Vintageinfo – All About Vintage Lighting

Last Viewed

Vintageinfo Google Search

Angelo Brotto Amber Glass Chandelier

Materials: Metal chromed frame (iron) and 8 amber/brown/orange and clear crystal glass half circles. Chrome ornamental screws and rod. Bakelite sockets.

Rod Length: 80 cm / 31.49”

Height: 31 cm / 12.20”

Width: ∅ 46 cm / 18.11”

Electricity: 1 bulb E27, 1 x 75 watt maximum, 110/220 volt.
Any type of light bulb can be used. Not a specific one preferred.

Period: 1970s – Mid-Century Modern.

Designer: Angelo Brotto (1914 – 2002).

Manufacturer: Esperia Luci e Arredamento SRL, Via Campania, 1D, 53036 Poggibonsi, Italy.

Other versions: This Angelo Brotto amber glass chandelier exists in several colours (blue, green…). It was also made as a table lamp. Often named half-moon lamp, crescent lamp or citrus lamp.

Angelo Brotto

Born in Venice, Italy in 1914, died in Campiglia Marittima, Italy in 2002. Angelo Brotto graduated on the art school of Venice in 1939 and already at that time he participated with his works in different exhibitions.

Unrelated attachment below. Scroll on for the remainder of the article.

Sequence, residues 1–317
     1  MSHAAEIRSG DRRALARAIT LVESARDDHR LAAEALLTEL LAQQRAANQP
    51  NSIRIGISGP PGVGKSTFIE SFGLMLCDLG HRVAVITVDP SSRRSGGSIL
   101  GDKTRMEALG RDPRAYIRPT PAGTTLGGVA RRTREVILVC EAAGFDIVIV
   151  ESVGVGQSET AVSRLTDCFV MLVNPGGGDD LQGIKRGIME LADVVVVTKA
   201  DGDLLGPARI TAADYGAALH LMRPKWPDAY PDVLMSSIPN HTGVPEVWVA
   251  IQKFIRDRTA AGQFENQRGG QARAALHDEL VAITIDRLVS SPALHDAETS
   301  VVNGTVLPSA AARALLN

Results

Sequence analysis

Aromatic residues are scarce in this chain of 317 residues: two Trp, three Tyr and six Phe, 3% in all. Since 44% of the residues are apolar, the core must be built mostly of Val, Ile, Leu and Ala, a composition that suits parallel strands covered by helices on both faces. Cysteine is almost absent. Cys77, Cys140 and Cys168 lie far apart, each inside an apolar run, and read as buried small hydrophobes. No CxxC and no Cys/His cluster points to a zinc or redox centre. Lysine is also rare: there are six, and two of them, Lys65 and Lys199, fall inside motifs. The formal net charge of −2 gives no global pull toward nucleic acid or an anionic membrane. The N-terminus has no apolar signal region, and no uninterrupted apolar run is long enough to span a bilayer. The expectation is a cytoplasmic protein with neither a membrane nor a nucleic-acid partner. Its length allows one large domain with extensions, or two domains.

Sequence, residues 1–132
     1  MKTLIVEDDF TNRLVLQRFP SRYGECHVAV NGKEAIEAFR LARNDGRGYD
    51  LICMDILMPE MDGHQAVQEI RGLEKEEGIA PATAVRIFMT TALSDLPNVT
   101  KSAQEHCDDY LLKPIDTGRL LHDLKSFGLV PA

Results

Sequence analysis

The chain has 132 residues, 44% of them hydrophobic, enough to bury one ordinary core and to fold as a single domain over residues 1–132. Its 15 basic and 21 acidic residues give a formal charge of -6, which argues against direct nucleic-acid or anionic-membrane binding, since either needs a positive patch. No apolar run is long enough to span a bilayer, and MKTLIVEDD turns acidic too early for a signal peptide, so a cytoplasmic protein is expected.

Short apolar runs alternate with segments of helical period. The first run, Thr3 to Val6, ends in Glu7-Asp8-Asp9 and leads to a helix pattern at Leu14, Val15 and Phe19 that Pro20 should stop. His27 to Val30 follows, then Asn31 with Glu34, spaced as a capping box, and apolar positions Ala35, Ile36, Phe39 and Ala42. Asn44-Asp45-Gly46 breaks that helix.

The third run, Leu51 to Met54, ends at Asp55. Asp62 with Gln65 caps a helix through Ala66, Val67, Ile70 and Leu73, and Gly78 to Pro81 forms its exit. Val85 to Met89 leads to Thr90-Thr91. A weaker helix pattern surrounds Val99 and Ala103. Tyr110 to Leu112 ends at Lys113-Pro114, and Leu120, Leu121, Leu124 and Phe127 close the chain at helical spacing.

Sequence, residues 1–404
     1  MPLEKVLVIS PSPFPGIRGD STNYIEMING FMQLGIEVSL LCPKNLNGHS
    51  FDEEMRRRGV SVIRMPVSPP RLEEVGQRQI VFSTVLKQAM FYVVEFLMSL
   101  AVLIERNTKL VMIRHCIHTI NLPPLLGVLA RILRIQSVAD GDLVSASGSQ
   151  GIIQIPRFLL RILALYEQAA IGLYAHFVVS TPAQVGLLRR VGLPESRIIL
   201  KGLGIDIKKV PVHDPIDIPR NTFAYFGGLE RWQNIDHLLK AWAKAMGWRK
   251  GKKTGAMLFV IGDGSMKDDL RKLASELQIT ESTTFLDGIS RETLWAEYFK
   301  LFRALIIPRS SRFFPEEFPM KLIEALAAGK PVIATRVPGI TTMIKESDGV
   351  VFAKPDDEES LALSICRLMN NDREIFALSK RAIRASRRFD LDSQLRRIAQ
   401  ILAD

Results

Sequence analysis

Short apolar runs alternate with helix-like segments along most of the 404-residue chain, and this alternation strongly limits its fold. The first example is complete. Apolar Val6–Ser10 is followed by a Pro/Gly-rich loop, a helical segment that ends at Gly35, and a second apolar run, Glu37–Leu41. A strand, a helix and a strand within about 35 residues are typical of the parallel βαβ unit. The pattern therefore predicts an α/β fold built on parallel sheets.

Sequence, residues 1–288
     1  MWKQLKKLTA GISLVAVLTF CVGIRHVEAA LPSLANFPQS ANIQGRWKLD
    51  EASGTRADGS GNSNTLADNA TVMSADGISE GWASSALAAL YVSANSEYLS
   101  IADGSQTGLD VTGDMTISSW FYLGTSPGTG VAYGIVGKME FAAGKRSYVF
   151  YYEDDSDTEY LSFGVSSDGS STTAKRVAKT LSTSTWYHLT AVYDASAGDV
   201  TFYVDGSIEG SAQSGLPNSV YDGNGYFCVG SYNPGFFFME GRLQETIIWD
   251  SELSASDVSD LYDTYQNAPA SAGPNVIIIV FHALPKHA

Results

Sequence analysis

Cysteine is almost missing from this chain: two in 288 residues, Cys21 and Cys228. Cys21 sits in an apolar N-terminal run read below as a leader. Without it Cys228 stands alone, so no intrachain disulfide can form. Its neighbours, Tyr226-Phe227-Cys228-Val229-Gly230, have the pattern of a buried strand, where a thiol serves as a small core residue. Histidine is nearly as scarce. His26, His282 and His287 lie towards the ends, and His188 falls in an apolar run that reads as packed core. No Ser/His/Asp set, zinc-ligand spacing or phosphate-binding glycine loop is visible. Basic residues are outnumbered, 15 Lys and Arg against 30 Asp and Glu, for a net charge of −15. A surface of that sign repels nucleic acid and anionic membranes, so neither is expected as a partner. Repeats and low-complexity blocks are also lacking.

Brotto graduated in 1941 on the Academy of Fine Arts in Venice distinguished himself by winning all competitions. He won many prizes for his outstanding works in the years that follow.

In Italy his works have been acquired by the Gallery of Modern Art in Rome and Venice, by the Rivoltella Museum in Trieste, by the Venice Biennale, by the Ministry of National Education, by the Confederazione Italiana Professionisti ed Artisti and by private galleries around the world.


The Esperia company was founded in 1952, with the aim of producing chandeliers, table lamps, wall lamps, floor lamps, ceiling lights, wall light panels and furniture. Esperia is famous for the Quasar lamp from the 60s and 70s. The Quasar is designed by the Venetian designer/professor Angelo Brotto. Brotto designed many beautiful lamps for Esperia in that period. The Esperia company still exists and they produce very beautiful lighting. Several of the lamps Angelo Brotto designed are still in production.

Many thanks to Frank from for the photos and the enthusiasm.